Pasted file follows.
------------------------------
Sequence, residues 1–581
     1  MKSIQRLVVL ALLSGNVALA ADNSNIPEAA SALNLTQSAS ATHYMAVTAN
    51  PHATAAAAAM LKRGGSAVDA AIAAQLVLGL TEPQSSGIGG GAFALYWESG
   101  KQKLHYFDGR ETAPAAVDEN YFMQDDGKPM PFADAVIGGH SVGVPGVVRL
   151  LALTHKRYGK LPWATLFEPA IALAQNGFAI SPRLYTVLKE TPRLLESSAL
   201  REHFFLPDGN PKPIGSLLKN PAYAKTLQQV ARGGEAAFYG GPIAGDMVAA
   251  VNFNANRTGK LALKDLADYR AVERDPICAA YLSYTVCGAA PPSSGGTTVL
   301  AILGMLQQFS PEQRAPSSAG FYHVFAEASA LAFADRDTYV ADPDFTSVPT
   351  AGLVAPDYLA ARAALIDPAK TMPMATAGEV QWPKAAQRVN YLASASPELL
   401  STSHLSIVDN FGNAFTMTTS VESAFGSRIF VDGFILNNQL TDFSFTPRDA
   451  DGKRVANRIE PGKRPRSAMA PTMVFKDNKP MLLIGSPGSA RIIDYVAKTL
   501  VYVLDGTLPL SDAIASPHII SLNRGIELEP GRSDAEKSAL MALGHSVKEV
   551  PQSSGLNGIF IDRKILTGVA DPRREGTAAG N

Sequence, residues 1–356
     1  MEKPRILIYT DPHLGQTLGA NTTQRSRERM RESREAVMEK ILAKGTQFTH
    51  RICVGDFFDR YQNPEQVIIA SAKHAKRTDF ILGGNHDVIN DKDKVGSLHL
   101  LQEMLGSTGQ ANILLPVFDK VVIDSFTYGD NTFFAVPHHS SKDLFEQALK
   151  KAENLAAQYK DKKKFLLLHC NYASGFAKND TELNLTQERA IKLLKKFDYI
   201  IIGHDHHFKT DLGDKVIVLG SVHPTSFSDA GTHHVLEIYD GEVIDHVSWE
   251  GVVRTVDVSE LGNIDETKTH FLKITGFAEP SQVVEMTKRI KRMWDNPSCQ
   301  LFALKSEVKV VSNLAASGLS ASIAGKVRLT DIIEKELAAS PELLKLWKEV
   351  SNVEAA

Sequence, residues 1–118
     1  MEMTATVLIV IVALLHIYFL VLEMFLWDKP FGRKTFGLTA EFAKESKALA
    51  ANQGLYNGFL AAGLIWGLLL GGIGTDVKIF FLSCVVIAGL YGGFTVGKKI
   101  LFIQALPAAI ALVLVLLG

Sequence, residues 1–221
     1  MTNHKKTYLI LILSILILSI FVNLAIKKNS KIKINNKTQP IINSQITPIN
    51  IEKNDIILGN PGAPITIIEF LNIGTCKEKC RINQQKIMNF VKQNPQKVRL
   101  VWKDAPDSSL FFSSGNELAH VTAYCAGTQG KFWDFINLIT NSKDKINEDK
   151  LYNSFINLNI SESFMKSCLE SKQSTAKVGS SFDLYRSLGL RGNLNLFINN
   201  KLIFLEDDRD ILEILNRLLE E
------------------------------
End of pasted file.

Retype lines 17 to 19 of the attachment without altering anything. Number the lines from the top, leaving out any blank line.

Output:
   101  LQEMLGSTGQ ANILLPVFDK VVIDSFTYGD NTFFAVPHHS SKDLFEQALK
   151  KAENLAAQYK DKKKFLLLHC NYASGFAKND TELNLTQERA IKLLKKFDYI
   201  IIGHDHHFKT DLGDKVIVLG SVHPTSFSDA GTHHVLEIYD GEVIDHVSWE